There are many questions regarding vow preparation today that did not present themselves in past eras. Smaller communities, diminishing numbers, changing or re-focused ministries as well as the sense that the church may be losing its moorings, are all part of the lives of many - not all - religious, priests and even some bishops. This age tests our faith on many levels. But this age also offers opportunities to insert Augustine’s Window on the Gospel into our formation programs. We are all living in the Biblical “meantime”, a present time which looks to the future. This can be an uncomfortable time to live in, but it is the only “meantime” of our lives. Many of our formation programs - or some parts of them - provide first-hand experiences of working with individuals and families who struggle. The location of some of our formation houses in neighborhoods that are less desirable, from a middle-class mentality, can provide healthy climates for asking healthy questions. What is formation? Formation for what? Guided reflections on the vows experienced in these types of settings can lead to a deeper self-knowledge and a mature experience of loving and being loved within the tensions of ordinary life. All such things are part of this fascinating journey called “Formation to Community Life in the Light of the Three Vows.”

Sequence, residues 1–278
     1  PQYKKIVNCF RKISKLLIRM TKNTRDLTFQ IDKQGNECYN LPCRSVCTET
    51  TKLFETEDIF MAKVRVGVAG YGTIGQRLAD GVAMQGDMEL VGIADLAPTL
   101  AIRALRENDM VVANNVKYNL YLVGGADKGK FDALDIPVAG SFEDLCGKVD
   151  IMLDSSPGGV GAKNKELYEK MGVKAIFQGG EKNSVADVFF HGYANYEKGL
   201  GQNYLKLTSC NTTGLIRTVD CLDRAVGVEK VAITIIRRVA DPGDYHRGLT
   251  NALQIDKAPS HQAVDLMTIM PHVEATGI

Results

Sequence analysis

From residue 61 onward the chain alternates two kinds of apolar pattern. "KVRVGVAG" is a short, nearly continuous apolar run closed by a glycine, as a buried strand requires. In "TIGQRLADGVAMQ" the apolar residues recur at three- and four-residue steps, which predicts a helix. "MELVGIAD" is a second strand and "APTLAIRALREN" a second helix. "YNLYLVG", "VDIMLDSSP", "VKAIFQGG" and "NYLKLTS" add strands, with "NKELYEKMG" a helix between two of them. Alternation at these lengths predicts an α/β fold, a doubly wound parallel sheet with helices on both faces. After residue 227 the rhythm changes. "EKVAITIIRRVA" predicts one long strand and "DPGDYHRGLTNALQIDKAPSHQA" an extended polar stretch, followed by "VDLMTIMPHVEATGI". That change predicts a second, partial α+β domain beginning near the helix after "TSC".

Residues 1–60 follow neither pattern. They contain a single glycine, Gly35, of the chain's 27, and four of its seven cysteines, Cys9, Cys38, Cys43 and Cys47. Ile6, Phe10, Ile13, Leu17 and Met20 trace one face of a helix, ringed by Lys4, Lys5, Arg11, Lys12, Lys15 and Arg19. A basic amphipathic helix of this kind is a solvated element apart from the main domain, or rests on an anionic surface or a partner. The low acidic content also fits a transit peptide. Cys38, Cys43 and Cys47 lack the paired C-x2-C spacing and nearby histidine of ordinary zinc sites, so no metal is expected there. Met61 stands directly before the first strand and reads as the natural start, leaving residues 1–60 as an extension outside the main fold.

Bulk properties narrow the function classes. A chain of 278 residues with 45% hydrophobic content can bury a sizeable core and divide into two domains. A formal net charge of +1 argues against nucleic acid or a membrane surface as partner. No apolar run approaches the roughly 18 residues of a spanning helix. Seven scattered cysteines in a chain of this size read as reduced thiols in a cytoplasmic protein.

A helpful and remarkable perspective on these times is given by Father Donald Senior, C.P., President of Catholic Theological Union in Chicago, Illinois, U.S.A.

The Bible perceives human reality as standing in time between the present condition and future reality. Strangely, it believes that the future - because it is God’s future - is more real and enduring than the present. The future is not a projection of our imagination, but a God-shaped destiny toward which we move. Although the creation story begins the Biblical saga, the deepest instinct of the Bible is not Paradise Lost but Paradise to be Re-gained. The on-rushing movement of Biblical history is from slavery to freedom from death to life. The events of recent history bespeak Gospel truth quite literally. The world needs visible communities of human beings who live in the meantime in a way that give credible witness to the spiritual nature and capacity of the human person. The vows have to do ultimately, not with a set of proposals, but with a commitment to a way of life, a way rooted in Faith. (Living in theMeantime, Paulist Press, 1994, p.71.)

SOME PRACTICAL APPROACHES

  1. Read Number Two of Starting Afresh with Christ (Congregation For Institutes Of Consecrated Life And Societies Of Apostolic Life, (http://www.vatican.va/roman_curia/congregations/ccscrlife/index.htm) slowly and in silence. Afterwards, reflect on Luke 24, 13-35. What questions does this Lucan passage raise about contemporary darkness and mystery? Where is God’s presence experienced today? Who is Jesus?